Do you remember the first time you attempted eyeliner? Was it in middle school, when you traced your mom’s blue pencil in a shaky line several inches above your actual lash line? (Hear, hear.) Was it last week, when you took a deep breath, heeded your favorite beauty website’s advice (hi!), and finally took the plunge? Whenever your first foray into eyeliner was, there’s one thing for certain: It’s a fickle beast that can throw even the most skilled, stable-handed individuals for a loop, but it will improve your life. There—we said it. Knowing full well we sound like crazy, hyperbolic beauty editors, we firmly believe that knowing how to define your eyes with a pencil, gel, or liquid pen is an important—nay, crucial—life skill.
There’s just one small caveat. Eyeliner takes patience and time to truly master—two things we don’t exactly possess in excess. Which is why we thought it was perfect timing for us to share some of our favorite eyeliner tips, lazy-person style. Shaky hand? There’s a ridiculously easy fix. Uneven wings? We’ve got you. We reached out to two top makeup artists to teach us all of their eyeliner tricks: Fatima Thomas, senior national artist at MAC, and Melissa Mangrum, pro makeup artist.
Meet the Expert
- Fatima Thomas is a senior national makeup artist at MAC and is based in Harlem.
- Melissa Mangrum is a professional makeup artist and VaultBeauty brand ambassador.
Scroll down for some genius eyeliner hacks made for those who are struggling.
Clench Your Toes For Precise Application
If your hands get shaky any time you attempt to apply eyeliner, try this makeup artist secret: clench your toes. Yes, really. It’s an industry secret among artists with shaky hands. We tried it and can attest to its effectiveness. The more you know.
Keep Pointed Cotton Swabs on Hand
Thomas says that correcting eyeliner mistakes is easy when you use micellar water and pointed cotton swabs, like these, as this allows for precision clean up. We love the Cleansing 3-in-1 Micellar Water by L'Occitane ($24)—it instantly erases without leaving behind a greasy residue.
Consider Eyeliner Formula for Longevity
When it comes to makeup disasters, coming face to face with raccoon eyes come noon is at the top of the list. Mangrum recommends using an eye pencil made for specifically for the waterline (think: a Kajal or Kohl liner like MAC's Eye Kohl pencil), as these tend to last in the waterline longer than other formulas.
To ensure your eyeliner stays put, Mangrum recommends sealing in the eyeliner by applying an eyeshadow on top.
Draw Your Flick First
The easiest way to master a cat eye? Start with the flick first. Hold your eyeliner on the outer corner of your eye and then gently trace a small line at a 45-degree angle. Next, trace your liner along your lid, connect to the wing, and voilà! You've got yourself a wing.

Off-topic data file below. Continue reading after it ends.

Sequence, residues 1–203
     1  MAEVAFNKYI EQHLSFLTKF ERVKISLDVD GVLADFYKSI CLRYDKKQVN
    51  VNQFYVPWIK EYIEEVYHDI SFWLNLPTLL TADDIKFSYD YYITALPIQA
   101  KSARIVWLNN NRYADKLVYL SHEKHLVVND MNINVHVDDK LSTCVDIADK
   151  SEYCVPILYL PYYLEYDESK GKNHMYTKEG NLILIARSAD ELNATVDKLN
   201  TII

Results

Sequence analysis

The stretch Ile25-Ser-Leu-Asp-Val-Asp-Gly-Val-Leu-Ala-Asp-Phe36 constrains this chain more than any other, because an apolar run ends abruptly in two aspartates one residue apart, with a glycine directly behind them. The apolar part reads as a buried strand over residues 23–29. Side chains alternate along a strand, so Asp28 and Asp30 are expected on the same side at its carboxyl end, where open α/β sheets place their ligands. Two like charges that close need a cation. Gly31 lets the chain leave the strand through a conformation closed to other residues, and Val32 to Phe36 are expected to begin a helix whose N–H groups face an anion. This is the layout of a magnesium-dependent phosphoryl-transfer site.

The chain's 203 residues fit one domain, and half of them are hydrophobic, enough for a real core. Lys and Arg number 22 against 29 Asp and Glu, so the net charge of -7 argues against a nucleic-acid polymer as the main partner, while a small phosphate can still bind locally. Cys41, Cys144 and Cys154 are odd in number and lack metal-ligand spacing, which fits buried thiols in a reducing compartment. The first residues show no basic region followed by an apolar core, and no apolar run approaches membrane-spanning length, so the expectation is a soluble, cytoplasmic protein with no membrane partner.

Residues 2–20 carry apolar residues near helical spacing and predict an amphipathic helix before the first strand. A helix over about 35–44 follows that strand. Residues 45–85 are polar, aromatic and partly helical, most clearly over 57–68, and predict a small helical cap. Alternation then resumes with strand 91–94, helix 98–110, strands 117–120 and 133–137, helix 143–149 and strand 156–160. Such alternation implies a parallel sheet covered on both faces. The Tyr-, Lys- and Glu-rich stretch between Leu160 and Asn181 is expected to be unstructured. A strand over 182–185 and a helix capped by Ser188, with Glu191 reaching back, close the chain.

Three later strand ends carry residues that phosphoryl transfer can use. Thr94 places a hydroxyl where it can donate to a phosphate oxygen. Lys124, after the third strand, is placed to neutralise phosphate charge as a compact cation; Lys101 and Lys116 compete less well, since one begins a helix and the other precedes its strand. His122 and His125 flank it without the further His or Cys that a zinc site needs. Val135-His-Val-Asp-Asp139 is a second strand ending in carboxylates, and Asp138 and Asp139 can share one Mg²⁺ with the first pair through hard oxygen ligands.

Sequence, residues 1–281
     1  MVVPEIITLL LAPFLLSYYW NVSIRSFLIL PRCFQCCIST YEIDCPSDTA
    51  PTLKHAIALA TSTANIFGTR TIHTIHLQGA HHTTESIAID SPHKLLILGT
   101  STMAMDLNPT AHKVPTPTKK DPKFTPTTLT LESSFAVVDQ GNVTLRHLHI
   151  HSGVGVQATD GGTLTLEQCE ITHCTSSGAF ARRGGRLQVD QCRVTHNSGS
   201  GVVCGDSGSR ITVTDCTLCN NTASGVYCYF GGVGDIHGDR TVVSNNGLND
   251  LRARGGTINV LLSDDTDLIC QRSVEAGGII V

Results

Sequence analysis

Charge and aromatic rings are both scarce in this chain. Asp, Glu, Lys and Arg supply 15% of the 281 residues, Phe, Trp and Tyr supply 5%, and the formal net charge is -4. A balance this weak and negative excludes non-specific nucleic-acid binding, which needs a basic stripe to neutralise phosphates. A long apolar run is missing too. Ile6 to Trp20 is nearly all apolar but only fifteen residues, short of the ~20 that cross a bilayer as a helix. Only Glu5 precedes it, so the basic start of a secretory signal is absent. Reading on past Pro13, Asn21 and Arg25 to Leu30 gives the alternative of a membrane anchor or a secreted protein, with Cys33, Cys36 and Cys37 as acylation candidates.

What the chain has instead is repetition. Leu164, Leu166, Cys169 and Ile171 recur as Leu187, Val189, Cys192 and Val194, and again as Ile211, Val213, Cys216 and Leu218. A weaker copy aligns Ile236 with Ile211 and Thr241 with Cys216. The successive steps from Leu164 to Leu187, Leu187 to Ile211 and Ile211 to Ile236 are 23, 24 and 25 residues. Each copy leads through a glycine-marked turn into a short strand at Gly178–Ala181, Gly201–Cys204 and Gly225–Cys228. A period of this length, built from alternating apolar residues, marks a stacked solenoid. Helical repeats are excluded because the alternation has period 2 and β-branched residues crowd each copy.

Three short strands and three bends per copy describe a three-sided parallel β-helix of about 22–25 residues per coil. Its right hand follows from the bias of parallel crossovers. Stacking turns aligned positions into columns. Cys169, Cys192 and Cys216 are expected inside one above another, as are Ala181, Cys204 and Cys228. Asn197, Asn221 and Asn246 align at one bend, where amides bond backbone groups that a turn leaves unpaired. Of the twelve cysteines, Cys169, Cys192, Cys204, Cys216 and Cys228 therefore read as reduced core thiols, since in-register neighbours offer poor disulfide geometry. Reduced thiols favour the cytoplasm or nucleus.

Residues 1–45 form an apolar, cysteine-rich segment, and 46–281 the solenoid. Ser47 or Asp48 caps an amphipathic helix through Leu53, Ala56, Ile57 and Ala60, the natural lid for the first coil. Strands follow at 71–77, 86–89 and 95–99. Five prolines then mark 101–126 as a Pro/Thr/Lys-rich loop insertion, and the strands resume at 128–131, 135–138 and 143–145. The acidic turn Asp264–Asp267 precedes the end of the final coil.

Stop At the Outer Corner For Down-Turned Eyes
"For a down-turned eye shape, avoid taking upper lid liner all the way to the outer corner," says Thomas. "End your liner about a millimeter away from your natural outer corner."
Apply in Dashes if You Have Shaky Hands
"Most people think that to apply liner you need one swift continuous line, but if you have shaky hands this may cause issue with getting a 'straight' line," says Mangrum. "My suggestion is to create dashes [with a drawing and lifting motion] until you get from end to end. Then, fill in any spaces as needed." It's kind of like connecting the dots, but with dashes.
Go Thin For Hooded Eyes
Thomas says that hooded and deep-set eyes look great when the eyeliner is drawn on very thin and positioned on the lash roots or the waterline. "Wider bands of liner can overwhelm these shapes, making them appear smaller and more recessed," she says.
Draw a Hashtag or Hook for a Smoky Outer Corner
If you want a more precise technique, draw a sideways “#” sign on the outer third of your lid, and then blend it out. Or, make like Mangrum and hook it. "First, draw the line along the lash line as normal. Once you get to the outer corner create an arch just above the socket like a rainbow shape and then blend, blend, blend," she says. Best part? You can get creative with different shades to create the smoky eye of your dreams.
Consider Your Eyeshadow
"If you have an oily eyelid and are worried about smudging, applying the eyeliner after powder eyeshadows may help keep liner in place," says Mangrum. "If you want to keep the liner blendable and buildable, applying it before eyeshadow may be the way to go." Consider a long-wear eyeliner like this creamy pick from Flower Beauty, which glides on and smudges beautifully.
Open Up Your Eyes With Nude Eyeliner
Black eyeliner gets all the attention, but we’d like to make a strong case for its lesser-known sister: nude. A swipe of nude eyeliner along your bottom waterline is not only the easiest technique ever, but it will open up your eyes in an instant. Plus, nude eyeliner can be used to trace above your black liner and along the wing for a super-sleek, smooth finish. While you’re at it, trace some below your brow bone and blend away to lift your arches. You’re welcome.
Avoid Tightlighting With a Wooden Eyeliner
Lining your tightline can be a scary thought, but Mangrum says that using a retractable pencil (versus a wooden one) can make all the difference. "I prefer retractable pencils to ensure no wood residuals from sharpening are left that could damage the eye," she notes. The forever-fine tip twist up pick from NYX comes in several colors and is budget-friendly.
Use a Creamy Pencil for Softer Looks
"Some eyeliner pencils are creamy and makeup artists love them because they allow for easy diffusion and blending to create soft-edged looks," says Thomas. "They also make fantastic bases for layering powder shadows." Try one from No7, which boasts a creamy, easy-to-glide-on formula that stays put once dried.
Click Play to Watch MUA Bob Scott's Eyeliner Tutorial